German submarine U-269

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Career (Nazi Germany)
Name: U-269
Ordered: 20 January 1941
Builder: Bremer Vulkan, Bremen-Vegesack
Yard number: 34
Laid down: 18 September 1941
Launched: 24 June 1942
Commissioned: 19 August 1942
Fate: Sunk by a British warship, 25 June 1944[1]
General characteristics
Type: Type VIIC submarine
Displacement: 769 tonnes (757 long tons) surfaced
871 t (857 long tons) submerged
Length: 67.1 m (220 ft 2 in) o/a
50.5 m (165 ft 8 in) pressure hull
Beam: 6.2 m (20 ft 4 in) o/a
4.7 m (15 ft 5 in) pressure hull
Draft: 4.74 m (15 ft 7 in)
Propulsion: 2 × supercharged Germaniawerft 6-cylinder 4-stroke F46 diesel engines, totalling 2,800–3,200 bhp (2,100–2,400 kW). Max rpm: 470-490
2 × electric motors, totalling 750 shp (560 kW) and max rpm: 296.
Speed: 17.7 knots (32.8 km/h; 20.4 mph) surfaced
7.6 knots (14.1 km/h; 8.7 mph) submerged
Range: 8,500 nmi (15,700 km; 9,800 mi) at 10 knots (19 km/h; 12 mph) surfaced
80 nmi (150 km; 92 mi) at 4 knots (7.4 km/h; 4.6 mph) submerged
Test depth: 230 m (750 ft)
Crush depth: 250–295 m (820–968 ft)
Complement: 44–52 officers and ratings
Armament:
  • 5 × 53.3 cm (21 in) torpedo tubes (four bow, one stern)
  • 14 × torpedoes or 26 × TMA or 39 × TMB tube-launched mines
  • 5 × vertical launchers with 15 SMA mines
  • 1 × 8.8 cm (3.46 in) deck gun (220 rounds)
  • 2 × 20 mm AA (4,380 rounds)
Service record[2][3]
Part of: 8th U-boat Flotilla
(August 1942–March 1943)
11th U-boat Flotilla
(April–October 1943)
6th U-boat Flotilla
(November 1943–June 1944)
Commanders: Oblt.z.S.. Karl-Heinrich Harlfinger
(19 August 1942–29 April 1943)
Oblt.z.S.. Otto Hansen
(June–4 September 1943)
Kptlt. Karl-Heinrich Harlfinger
(5 September 1943–21 March 1944 )
Oblt.z.S.. Georg Uhl
(6 April–25 June 1944)
Operations: Five:
1st patrol: 23 March–23 April 1943
2nd patrol: 22 July–4 September 1943
3rd patrol: 4 November–15 December 1943
4th patrol: 22–28 May 1944
5th patrol: 6–25 June 1944
Victories: None

German submarine U-269 was a Type VIIC U-boat of Nazi Germany's Kriegsmarine during World War II. The U-boat was laid down on 18 September 1941 by Bremer Vulkan at Bremen-Vegesack, launched on 24 June 1942 and commissioned on 19 August under the command of Oberleutnant zur See Karl-Heinrich Harlfinger.[2]

During its career the submarine failed to sink or damage any vessels, but neither did it lose any crew members prior to its sinking on 25 June 1944.[2]

Service history[edit]

After training with the 8th U-boat Flotilla in the Baltic Sea, U-269 was assigned to the 11th U-boat Flotilla based in Bergen, Norway.[2]

U-269 first left Kiel on 16 March 1943 to operate from bases in Norway, carrying out two patrols in the Barents Sea in the summer of 1943, one under the command of Oberleutnant zur See Karl-Heinrich Harlfinger in March and April, and another under Oberleutnant zur See Otto Hansen in July, August and September.[3]

Reassigned to the 6th U-boat Flotilla, on 4 November 1943 the U-boat left Bergen for her third patrol in the Atlantic under the command of the newly promoted Kapitänleutnant Karl-Heinrich Harlfinger. On 1 December Allied forces attacked the U-boat, causing serious damage and forcing U-269 to abort her patrol. She reached St. Nazaire on the French Atlantic coast on the 15th.[3]

In France, command was assumed by Oberleutnant zur See Georg Uhl, who made one short patrol in the Bay of Biscay in May 1944, then sailed from Brest on 6 June ("D-Day") to St. Peter Port, Guernsey, three days later sailing into the English Channel on her final patrol.[3]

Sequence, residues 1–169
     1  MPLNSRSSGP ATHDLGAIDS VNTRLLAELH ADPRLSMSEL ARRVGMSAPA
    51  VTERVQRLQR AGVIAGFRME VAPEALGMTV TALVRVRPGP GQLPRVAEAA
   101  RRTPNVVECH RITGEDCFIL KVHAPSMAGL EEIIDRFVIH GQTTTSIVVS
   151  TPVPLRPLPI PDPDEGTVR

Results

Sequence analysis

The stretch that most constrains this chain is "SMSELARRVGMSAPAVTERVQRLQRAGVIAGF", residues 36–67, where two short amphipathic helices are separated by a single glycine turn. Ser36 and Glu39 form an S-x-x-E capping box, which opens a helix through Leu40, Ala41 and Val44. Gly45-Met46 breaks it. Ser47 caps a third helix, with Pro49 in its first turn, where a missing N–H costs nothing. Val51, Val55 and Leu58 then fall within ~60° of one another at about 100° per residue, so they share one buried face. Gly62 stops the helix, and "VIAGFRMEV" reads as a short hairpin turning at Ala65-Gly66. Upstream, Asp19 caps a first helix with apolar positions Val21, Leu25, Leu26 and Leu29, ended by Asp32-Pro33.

Sinking[edit]

U-269 was sunk on 25 June 1944 south-east of Torquay, in position 50°01′N 2°59′W / 50.017°N 2.983°W / 50.017; -2.983Coordinates: 50°01′N 2°59′W / 50.017°N 2.983°W / 50.017; -2.983.[2] The U-boat was detected by the Royal Navy frigate HMS Bickerton, of the 5th Support Group, which immediately attacked with depth charges. The first attack knocked out all the lights aboard the U-boat, while the second ruptured the seals on the drive shafts, allowing water to rush in. The frigate's third depth charge run destroyed pipes, valves and electrical connections. Realizing that the situation was hopeless, Uhl ordered U-269 to surface, and prepared to abandon and scuttle the boat. The submarine surfaced within range of the frigate, which had just dropped a fourth set of depth charges. The U-boat began to sink immediately, while the survivors swam away or escaped on rafts. Bickerton picked up the 39 survivors.[4] There were 13 dead, including Captain Uhl.

The wreck of U-269 was located in 1951, during a search for the missing British submarine Affray, this was confirmed by nautical archaeologist Innes McCartney in 1999.[2]

Wolf Packs[edit]

U-269 took part in 3 wolfpacks, namely.

  • Eisbär (27 Mar 1943 - 15 Apr 1943)
  • Coronel (4 Dec 1943 - 4 Dec 1943)
  • Dragoner (22 May 1944 - 28 May 1944)

References[edit]

Notes
  1. ^ Kemp, Paul: U-Boats Destroyed - German Submarine Losses in the World Wars, 1999, Arms & Armour, ISBN 1-85409-515-3, p. 199.
  2. ^ a b c d e f Helgason, Guðmundur. "The Type VIIC boat U-269". uboat.net. Retrieved 8 April 2010. 
  3. ^ a b c d Helgason, Guðmundur. "War Patrols by German U-boat U-269". uboat.net. Retrieved 8 April 2010. 
  4. ^ "Deutsche U-Boote 1935-1945 : U-269". u-boot-archiv.de (in German). Retrieved 8 April 2010. 
Bibliography
  • Busch, Rainer; Röll, Hans-Joachim (1999). Deutsche U-Boot-Verluste von September 1939 bis Mai 1945. Der U-Boot-Krieg (in German) IV (Hamburg, Berlin, Bonn: Mittler). ISBN 3-8132-0514-2. 
  • Gröner, Erich (1985). U-Boote, Hilfskreuzer, Minenschiffe, Netzleger, Sperrbrecher. Die deutschen Kriegsschiffe 1815-1945 (in German) III (Koblenz: Bernard & Graefe). ISBN 3-7637-4802-4. 
  • McCartney, Innes (2002). Lost Patrols: Submarine Wrecks of the English Channel. 

External links[edit]

See also[edit]